Scales: in the above keys (minors in harmonic or melodic form at candidate’s choice)
Chromatic Scale: Bass clef: starting on C (one octave)
Treble clef: starting on D (one octave)
Arpeggios: the common chords of the above keys for the ranges indicated

SIGHT-READING: (bass or treble clef at candidate’s choice) a short piece in simple time within the keys,
notes and overall range of the scale requirements set up to and including this grade. See also p. 11.

49
© 2016 by The Associated Board of the Royal Schools of Music
Trombone GRADE 4 from 2017

THREE PIECES: one chosen by the candidate from each of the three Lists, A, B and C:
LIST A
1 Anon. Sweet Nightingale or Tom Bawcock’s Eve. Cornish Pastiche, arr. Tanner (Spartan Press SP1215 or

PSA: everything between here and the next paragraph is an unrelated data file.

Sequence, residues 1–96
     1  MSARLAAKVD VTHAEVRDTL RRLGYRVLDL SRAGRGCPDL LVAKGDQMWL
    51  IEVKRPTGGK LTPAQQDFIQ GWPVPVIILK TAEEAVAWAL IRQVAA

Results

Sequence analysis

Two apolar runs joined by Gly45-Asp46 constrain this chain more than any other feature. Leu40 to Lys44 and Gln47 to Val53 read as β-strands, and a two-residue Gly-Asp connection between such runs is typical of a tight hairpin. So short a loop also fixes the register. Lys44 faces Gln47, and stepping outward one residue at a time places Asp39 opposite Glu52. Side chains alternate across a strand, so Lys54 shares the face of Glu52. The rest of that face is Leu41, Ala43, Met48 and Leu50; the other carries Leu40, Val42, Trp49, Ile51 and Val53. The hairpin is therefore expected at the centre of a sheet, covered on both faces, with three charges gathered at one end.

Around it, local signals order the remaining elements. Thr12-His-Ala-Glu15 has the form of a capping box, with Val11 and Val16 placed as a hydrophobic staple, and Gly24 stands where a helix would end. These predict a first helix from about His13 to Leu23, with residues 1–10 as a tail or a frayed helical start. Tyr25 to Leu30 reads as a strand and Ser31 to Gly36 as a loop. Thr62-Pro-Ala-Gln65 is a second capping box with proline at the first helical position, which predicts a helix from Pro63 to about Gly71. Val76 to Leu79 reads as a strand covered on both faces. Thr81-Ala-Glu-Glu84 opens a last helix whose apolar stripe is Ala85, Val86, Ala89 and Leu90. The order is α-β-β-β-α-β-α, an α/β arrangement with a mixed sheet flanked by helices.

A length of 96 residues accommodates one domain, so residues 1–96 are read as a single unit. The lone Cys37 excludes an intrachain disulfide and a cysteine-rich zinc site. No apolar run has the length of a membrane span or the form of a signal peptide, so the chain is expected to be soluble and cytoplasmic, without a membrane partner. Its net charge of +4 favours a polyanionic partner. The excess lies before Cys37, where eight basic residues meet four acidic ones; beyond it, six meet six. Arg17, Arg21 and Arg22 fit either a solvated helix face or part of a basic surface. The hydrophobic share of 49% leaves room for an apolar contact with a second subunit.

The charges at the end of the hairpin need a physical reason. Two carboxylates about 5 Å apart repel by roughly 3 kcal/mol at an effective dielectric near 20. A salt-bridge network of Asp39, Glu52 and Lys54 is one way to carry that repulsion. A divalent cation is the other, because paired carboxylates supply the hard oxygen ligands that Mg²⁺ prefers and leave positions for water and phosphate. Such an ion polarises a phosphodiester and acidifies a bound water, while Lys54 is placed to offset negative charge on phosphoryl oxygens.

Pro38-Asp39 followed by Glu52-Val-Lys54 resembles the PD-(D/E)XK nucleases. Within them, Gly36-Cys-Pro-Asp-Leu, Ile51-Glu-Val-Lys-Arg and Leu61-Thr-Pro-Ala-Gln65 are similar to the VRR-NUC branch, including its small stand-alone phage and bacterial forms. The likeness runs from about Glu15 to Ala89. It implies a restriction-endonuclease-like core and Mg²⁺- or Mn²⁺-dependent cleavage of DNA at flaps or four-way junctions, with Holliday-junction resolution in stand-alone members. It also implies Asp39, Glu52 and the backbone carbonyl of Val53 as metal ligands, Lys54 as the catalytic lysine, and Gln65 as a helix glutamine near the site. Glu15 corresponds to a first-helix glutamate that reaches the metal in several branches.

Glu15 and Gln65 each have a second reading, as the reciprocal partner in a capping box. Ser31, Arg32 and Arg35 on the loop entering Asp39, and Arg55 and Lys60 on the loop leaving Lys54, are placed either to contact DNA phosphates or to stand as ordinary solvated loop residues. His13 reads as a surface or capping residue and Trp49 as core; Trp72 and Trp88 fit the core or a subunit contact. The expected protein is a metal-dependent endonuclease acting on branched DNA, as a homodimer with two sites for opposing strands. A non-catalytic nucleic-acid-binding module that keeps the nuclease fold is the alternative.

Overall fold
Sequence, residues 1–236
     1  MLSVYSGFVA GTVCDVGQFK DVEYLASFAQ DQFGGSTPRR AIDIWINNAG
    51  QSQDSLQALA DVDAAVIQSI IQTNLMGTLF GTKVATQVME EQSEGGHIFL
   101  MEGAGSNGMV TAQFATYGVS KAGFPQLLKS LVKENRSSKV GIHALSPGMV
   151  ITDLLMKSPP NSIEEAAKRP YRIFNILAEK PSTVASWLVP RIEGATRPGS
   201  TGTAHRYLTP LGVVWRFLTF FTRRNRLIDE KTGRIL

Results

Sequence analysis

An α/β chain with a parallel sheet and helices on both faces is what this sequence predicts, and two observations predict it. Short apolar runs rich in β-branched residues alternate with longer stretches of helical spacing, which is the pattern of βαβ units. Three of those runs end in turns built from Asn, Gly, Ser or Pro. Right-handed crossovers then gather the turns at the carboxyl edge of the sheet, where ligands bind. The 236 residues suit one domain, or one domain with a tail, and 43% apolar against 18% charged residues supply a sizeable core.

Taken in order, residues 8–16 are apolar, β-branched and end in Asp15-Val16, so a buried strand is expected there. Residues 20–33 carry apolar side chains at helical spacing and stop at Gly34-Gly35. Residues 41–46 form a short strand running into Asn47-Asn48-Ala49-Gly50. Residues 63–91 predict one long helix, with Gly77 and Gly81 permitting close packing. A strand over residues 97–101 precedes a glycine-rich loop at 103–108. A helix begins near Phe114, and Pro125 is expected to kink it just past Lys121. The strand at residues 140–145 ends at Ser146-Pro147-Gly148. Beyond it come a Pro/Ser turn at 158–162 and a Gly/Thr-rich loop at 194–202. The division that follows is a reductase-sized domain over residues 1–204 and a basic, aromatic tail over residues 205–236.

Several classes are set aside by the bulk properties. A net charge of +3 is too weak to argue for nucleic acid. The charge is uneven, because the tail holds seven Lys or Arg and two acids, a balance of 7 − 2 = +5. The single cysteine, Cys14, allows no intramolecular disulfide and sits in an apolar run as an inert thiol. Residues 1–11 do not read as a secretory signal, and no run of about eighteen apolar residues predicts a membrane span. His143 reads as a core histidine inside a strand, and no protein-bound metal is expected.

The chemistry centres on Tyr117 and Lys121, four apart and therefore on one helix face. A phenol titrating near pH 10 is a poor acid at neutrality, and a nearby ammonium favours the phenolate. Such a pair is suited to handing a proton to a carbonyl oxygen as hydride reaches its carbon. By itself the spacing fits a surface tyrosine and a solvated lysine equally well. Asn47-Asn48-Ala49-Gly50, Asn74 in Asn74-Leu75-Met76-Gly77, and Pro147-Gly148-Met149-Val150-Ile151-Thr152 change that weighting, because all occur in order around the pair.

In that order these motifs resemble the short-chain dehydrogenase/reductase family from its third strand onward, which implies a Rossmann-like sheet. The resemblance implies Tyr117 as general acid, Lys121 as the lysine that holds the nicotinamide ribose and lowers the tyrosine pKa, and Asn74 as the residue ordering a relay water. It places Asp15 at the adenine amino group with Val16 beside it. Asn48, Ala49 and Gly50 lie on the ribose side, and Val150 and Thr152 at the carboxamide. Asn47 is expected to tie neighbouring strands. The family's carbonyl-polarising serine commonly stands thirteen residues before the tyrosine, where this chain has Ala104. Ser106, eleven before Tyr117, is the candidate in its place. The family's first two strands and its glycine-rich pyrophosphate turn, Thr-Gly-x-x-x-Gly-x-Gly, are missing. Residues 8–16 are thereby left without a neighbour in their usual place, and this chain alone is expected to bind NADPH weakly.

SP1213: ? trombone/tuba edition or B b & brass edition)
2 Boismortier Rigaudon (from Op. 40). Time Pieces for Trombone, Vol. 2, arr. Harris and Miller (ABRSM: ?/&
edition)
3 M.-A. Charpentier Prelude to Te Deum (observing lower line in ossia). Savoir Faire for Trombone/Euphonium,
arr. Mowat (Brass Wind: ? or & editions)
4 Tom Davoren Beaufort Allegro ¸ Shining Brass, Book 2 (ABRSM: ?/& brass edition; B b piano accomp. published
˝
5 John Frith Jiggedy Jig ˛   separately)
6 Grieg Solveig’s Song (from Peer Gynt). Great Winners, arr. Lawrance (Brass Wind: ? trombone edition or & brass
edition; B b piano accomp. published separately)
7 Molloy Love’s Old Sweet Song. The Victorian Trombone, arr. Wills (Faber: ?/& edition)
8 Mozart Adagio. No. 15 from Skilful Solos for Trombone, arr. Sparke (Anglo Music AMP 193-400: ?/& edition)